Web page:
What is Bullying?
What is Bullying?
What exactly is bullying? “Bullying,” a term used interchangeably with peer harassment, means aggressive acts made with harmful intent, repeatedly inflicted by one or more students against another. Acts may be physical, verbal, indirect (such as social exclusion), or electronic (such as posting threatening messages to a website). What distinguishes bullying from mere aggression is that bullying is repetitive and involves a power imbalance between a socially powerful perpetrator and a socially weaker victim. Hence, bullies prey on students who are often marginalized in the wider school community because of actual or perceived differences such as obesity, disability, or sexual orientation.
Julie Sacks and Robert S. Salem, VICTIMS WITHOUT LEGAL REMEDIES: WHY KIDS NEED SCHOOLS TO DEVELOP COMPREHENSIVE ANTI-BULLYING POLICIES,Albany Law School Albany Law Review, , 72 Alb. L. Rev. 147, (2009).
Mental Health Am., Factsheet: Bullying: What to Do About It (2006), http://www.mentalhealthamerica.net/go/bullying
Bullying has sometimes been seen as an inevitable part of school culture or a rite of passage for youth. However, recently attention to bullying has increased dramatically. School personnel and policy makers have recognized that the consequences of bullying can be significant, affecting not only those who are bullied, but also those who bully. Bullying behavior also seriously damages the school climate. Both bullies and victims are at high risk of suffering from serious health, safety, and educational risks. Victims of bullying report more difficulties sleeping, despondency, headaches, stomach pains, and other health symptoms than other children. Victims avoid school, which can lead to lower academic performance. They are more likely to suffer from depression and low self-esteem, and are at increased risk of depression and suicide. Perpetrators are more likely to get into frequent fights, be injured in a fight, vandalize or steal property, drink alcohol, smoke, be truant from school, drop out of school, and carry a weapon.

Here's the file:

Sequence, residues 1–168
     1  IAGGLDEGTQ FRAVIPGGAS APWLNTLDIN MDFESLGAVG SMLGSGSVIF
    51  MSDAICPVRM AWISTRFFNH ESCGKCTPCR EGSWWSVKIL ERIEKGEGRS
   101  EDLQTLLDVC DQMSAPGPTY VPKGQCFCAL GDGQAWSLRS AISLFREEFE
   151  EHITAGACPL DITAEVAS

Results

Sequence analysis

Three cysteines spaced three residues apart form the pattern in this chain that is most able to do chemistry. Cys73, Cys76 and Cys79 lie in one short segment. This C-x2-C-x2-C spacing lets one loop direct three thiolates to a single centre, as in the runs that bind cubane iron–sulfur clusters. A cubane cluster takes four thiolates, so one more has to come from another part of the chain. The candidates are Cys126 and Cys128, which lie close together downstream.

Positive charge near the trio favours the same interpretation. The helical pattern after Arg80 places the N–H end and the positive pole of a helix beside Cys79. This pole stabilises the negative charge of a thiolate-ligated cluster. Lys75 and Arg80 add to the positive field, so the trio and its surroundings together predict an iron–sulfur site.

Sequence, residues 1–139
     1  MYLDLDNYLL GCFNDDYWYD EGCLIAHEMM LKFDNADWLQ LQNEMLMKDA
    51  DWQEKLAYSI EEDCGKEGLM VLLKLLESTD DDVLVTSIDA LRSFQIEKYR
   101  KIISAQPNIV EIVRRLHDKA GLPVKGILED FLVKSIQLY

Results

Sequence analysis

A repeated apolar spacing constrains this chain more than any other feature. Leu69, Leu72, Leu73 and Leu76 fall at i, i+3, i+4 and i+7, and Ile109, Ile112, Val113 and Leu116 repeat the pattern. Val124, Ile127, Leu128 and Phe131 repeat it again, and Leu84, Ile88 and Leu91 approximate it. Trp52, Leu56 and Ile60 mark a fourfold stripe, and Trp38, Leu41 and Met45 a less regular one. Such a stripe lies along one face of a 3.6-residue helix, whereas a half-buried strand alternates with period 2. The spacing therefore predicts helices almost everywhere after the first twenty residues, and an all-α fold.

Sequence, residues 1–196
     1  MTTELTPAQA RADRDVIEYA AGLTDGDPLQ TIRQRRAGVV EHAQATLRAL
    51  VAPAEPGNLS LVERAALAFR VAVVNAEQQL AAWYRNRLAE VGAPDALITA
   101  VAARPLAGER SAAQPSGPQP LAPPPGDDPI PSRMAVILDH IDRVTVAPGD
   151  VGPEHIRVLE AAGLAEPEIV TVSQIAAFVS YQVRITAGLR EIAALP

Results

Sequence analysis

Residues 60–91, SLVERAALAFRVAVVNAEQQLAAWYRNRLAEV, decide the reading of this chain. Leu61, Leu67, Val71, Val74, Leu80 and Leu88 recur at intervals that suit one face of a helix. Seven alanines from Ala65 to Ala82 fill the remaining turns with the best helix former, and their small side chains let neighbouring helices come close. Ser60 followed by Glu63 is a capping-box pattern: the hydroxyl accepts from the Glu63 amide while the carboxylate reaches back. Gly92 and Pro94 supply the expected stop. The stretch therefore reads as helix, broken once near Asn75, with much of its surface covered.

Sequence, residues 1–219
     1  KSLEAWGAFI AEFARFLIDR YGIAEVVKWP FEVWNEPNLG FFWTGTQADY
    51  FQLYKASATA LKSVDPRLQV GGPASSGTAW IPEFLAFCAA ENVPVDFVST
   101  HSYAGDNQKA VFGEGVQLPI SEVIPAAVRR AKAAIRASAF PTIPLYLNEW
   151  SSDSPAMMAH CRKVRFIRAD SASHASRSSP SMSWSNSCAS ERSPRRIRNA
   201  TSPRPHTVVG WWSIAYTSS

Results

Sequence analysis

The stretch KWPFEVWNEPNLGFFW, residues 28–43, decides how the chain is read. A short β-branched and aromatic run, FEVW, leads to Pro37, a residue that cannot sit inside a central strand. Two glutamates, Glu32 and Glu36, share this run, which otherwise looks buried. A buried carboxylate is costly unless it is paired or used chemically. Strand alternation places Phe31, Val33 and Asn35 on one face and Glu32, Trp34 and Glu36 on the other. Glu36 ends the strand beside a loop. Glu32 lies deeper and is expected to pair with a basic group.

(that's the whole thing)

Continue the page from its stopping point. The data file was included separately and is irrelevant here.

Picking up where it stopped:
Nancy Willard, School Response to Cyberbullying and Sexting: The Legal Challenges, Brigham Young University Education and Law Journal Brigham Young University Education and Law Journal, BYU Educ. & L. J. 75-125, (2011).